Milton, Massachusetts

Milton is a town in Norfolk County, Massachusetts, part of the Greater Boston area. Milton is known as the birthplace of former U.S. President George H. W. Bush and also renowned architect Buckminster Fuller. Milton has the highest percentage of residents per capita citing Irish heritage of any town in the United States: 38 percent. In recent years, Money magazine has listed Milton near the top of its “Best Places to Live” in the United States.

Milton was settled in 1640 as part of Dorchester. Referred to as Unquity, the term used by the Neponset Tribe of the Massachusetts Indians meaning Lower Falls. The Suffolk Resolves were signed in Milton in 1774, and were used as a model by the drafters of the Declaration of Independence in 1776. The Suffolk Resolves House, where the Resolves were passed, still stands and is maintained as the headquarters of the Milton Historical Society.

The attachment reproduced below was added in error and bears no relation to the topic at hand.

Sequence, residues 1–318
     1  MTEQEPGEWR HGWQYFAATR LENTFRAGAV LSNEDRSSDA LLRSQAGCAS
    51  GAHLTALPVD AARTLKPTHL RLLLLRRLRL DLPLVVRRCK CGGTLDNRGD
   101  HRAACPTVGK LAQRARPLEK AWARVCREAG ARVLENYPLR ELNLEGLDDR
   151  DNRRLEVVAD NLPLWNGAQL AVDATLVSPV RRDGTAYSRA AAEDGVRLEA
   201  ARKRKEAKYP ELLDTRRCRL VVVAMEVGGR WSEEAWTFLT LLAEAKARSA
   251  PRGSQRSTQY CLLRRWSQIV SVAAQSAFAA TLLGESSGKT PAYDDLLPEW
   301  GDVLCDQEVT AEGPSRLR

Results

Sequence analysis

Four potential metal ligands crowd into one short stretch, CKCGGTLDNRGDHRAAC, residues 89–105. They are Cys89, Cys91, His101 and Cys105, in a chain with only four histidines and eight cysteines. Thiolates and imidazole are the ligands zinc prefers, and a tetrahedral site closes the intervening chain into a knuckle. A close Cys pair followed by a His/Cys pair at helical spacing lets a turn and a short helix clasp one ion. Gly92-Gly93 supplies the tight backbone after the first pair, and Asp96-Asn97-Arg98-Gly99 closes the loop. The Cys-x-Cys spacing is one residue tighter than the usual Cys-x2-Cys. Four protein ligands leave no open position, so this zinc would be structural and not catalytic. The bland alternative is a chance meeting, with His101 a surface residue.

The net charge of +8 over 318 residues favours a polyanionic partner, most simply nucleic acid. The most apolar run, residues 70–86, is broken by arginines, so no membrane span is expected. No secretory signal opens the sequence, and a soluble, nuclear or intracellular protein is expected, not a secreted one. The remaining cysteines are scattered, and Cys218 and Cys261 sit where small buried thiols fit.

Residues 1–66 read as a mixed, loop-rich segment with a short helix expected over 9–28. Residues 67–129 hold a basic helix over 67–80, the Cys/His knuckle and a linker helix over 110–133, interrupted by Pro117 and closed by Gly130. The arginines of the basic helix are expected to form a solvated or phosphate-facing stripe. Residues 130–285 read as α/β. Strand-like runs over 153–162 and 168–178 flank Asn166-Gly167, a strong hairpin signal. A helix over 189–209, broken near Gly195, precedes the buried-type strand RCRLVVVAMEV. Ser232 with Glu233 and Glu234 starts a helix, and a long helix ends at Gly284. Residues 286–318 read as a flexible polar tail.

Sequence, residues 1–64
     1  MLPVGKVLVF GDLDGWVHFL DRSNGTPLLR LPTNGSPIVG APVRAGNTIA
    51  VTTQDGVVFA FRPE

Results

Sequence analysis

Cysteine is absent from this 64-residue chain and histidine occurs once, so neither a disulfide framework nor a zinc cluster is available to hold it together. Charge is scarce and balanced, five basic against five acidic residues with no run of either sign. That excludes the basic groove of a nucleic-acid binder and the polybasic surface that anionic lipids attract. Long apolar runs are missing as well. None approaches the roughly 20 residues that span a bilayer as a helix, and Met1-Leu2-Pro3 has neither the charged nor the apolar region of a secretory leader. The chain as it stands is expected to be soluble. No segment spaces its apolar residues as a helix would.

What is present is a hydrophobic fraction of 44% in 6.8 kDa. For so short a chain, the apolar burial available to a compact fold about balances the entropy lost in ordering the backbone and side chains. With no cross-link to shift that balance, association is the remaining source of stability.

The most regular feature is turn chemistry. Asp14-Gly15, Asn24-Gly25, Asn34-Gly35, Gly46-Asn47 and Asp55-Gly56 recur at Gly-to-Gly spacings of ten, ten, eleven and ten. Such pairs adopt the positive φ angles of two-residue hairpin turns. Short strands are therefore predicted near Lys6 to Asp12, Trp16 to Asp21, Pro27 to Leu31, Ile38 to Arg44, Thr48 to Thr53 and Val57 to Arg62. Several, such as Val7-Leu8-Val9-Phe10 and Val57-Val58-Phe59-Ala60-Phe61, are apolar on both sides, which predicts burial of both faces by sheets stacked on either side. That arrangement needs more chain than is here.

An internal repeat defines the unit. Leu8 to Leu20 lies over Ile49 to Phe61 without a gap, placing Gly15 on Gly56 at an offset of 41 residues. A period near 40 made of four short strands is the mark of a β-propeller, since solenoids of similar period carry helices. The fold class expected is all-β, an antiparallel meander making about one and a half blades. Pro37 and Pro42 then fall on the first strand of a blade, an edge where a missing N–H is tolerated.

Boston investors, seeing the potential of the town and its proximity to the city, provided the capital to develop 18th-century Milton as an industrial site with an iron slitting mill, paper and sawmills, and the first chocolate factory in New England (the Walter Baker Chocolate Factory) in 1764, which was converted from the old Stoughton Grist Mill. Laying of streetcar lines fueled the rapid expansion of residential development. Milton has 27 sites or districts listed on the National Register of Historic Places.

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